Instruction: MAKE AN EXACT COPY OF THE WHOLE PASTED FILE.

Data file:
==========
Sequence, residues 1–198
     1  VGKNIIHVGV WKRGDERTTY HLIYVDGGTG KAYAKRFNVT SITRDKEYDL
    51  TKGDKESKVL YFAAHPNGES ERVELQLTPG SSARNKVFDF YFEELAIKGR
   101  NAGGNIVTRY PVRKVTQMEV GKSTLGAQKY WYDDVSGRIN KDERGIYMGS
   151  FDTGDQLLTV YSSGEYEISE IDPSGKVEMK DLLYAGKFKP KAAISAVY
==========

Sequence, residues 1–198
     1  VGKNIIHVGV WKRGDERTTY HLIYVDGGTG KAYAKRFNVT SITRDKEYDL
    51  TKGDKESKVL YFAAHPNGES ERVELQLTPG SSARNKVFDF YFEELAIKGR
   101  NAGGNIVTRY PVRKVTQMEV GKSTLGAQKY WYDDVSGRIN KDERGIYMGS
   151  FDTGDQLLTV YSSGEYEISE IDPSGKVEMK DLLYAGKFKP KAAISAVY